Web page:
The Harriet Williams, launched on the 4th of August 1866, was originally rigged as a brigantine, registered at Llanelli belonging to Thomas Stone. Her hull was sheathed with zinc for the Mediterranean trade.
Wreck and Recovery
In February 1874 the Harriet Williams went ashore in Dunnycove Bay, Co Cork, Ireland. The crew of seven men were all rescued by the Chief Officer of Her Majesty's Coastguard, William Taylor and his men, in the Coastguard gig. The ship was feared to be a total wreck, but evidently she was recovered and repaired, and continued to sail for many years after.
The Schooner Paulus and Hernts
On Friday the 25th of June 1880, it was reported that the ship landed in Plymouth carrying five sailors from the Dutch Schooner
Paulus and Hernts.
The Dutch schooner was taking fire bricks from Briton Ferry to St Petersburg.
On Friday the 18th they were mid-channel off the Eddystone Lighthouse in foggy weather when they were hit by a large three masted steamer.
The crew hailed the steamer, asking for help and the ships' name, both of which were refused.
The steamer, which was moving slowly at the time, increased speed and disappeared into the fog.
The crew of the schooner took to their boat,
just in time as the pressure of trapped air beneath the deck of the sinking hull blew out the deck, causing her to go down suddely, head first.
As the crew pulled toward Plymouth, they saw hope in the Russian barque
Pulling alongside and asking to be taken on board, they were again refused.
After several hours in the boat they were eventually picked up when the Harriet Williams crew spotted them.
The Harriet Williams saw more bad weather in November 1884. After leaving Brake, Germany, for Newcastle in ballast, she had to put into Cuxhaven. She had lost some sails, was leaking and the pumps were choked. Then in March 1886, after leaving Shields, she had to be towed into Yarmouth through stress of weather.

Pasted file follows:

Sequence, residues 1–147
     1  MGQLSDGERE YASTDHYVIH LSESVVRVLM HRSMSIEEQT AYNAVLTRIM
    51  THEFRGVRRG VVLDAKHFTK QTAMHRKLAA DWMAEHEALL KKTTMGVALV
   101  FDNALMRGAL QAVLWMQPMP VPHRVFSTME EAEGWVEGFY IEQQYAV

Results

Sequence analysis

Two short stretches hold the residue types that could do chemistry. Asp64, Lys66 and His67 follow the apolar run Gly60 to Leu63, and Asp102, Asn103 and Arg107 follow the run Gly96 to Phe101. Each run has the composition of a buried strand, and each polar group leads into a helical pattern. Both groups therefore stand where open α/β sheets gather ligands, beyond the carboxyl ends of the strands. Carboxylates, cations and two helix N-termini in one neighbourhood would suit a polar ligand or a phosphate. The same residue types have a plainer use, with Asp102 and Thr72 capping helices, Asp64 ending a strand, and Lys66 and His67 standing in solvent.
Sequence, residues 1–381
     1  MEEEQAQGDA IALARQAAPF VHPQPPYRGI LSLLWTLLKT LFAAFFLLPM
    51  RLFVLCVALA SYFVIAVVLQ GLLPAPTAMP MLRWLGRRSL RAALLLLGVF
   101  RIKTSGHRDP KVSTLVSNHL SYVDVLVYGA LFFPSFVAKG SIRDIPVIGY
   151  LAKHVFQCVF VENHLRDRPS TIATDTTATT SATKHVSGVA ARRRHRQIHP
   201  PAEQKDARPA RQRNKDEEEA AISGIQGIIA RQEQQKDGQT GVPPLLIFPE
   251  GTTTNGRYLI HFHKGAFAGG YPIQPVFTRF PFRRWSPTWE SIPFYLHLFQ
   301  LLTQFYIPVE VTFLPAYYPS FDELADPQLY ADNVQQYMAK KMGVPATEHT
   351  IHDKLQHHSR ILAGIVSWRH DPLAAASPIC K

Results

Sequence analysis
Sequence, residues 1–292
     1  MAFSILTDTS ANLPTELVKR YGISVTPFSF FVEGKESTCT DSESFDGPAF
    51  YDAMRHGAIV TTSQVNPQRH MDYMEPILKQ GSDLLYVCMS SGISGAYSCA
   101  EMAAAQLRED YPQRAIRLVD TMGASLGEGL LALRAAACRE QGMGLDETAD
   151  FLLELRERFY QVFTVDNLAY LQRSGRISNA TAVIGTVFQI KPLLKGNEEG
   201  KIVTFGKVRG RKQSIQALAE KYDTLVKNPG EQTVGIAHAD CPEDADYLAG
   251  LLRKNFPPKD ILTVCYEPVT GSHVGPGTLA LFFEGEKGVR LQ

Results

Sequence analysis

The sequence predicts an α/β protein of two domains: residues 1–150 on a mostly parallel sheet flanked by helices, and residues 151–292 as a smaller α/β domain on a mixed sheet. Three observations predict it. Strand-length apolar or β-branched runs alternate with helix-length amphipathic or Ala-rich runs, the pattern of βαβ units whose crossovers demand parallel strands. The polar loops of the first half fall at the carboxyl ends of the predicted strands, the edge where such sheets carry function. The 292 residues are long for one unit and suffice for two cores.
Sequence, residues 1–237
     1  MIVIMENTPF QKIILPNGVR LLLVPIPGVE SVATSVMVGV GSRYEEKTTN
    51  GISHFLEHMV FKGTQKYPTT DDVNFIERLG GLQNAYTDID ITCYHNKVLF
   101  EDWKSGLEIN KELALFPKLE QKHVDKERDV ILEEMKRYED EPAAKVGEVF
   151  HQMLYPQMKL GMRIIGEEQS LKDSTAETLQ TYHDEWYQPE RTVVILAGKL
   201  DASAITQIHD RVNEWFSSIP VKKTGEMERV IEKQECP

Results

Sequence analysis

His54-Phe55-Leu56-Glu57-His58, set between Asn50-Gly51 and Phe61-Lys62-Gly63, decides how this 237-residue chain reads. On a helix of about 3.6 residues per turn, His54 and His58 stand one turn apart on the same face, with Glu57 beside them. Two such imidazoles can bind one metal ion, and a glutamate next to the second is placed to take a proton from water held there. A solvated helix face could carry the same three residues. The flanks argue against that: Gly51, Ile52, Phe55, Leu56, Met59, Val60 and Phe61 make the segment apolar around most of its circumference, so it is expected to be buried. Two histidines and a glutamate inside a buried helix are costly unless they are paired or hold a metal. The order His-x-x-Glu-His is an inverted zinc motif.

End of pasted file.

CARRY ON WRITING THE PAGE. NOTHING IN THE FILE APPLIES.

On the 10th of December 1891 the Harriet Williams was moored in Shields Harbour at the Mill Dam, laden with coal. Two crewmen, George Jacobs and Philip James Brown obtained shore leave and went ashore about 7pm that evening. Returning to the landing at about ten to eleven, they hailed their ship, but got no reply. They then asked a sculler man to take them aboard, but were refused because they had been drinking. They then took a small boat that was moored at the landing which had no oars. Taking to the water, they tried to paddle the boat with the bottom boards, but were caught in a westerly squall. The boat drifted with the wind and the water became rough, eventually capsizing the boat, throwing the two men into the water.
George Jacobs was rescued by a sculler man, John Hurst, and taken ashore. After being brought round, he was then taken to the River Police Station where he was looked after. Philip Brown was not seen until the following morning when William Harris found his body, along with the boat just below the penny ferry, about a quarter of a mile from the Mill Dam. Ordinary Seaman Jacobs said that the 22 year old, from Fowey, had sunk immediately after going in the water.
Damage in Grangemouth
In July 1895 the Harriet Williams had arrived at Grangemouth from Rotterdam with scrap iron. On entering the harbour, she collided with the quay wall, causing her anchor to damage the bow. She was towed up river and put on the ground for repairs.
Girl Rescued by Crewman
The ship was in Exeter in August 1905. On the 18th a young girl was playing by the canal, near the basin when she fell into the water. A boy who saw her struggling raised the alarm. A sailor from the Harriet Williams plunged himself into the canal, and with some difficulty, recovered the girl from the water. After artificial respiration was applied, she showed signs of life, and was then taken home.
The Smack Myrtle
In 1909, now belonging to her final owner, Edward Stephens of Fowey, the Harriet Williams was herself involved in a collision at sea.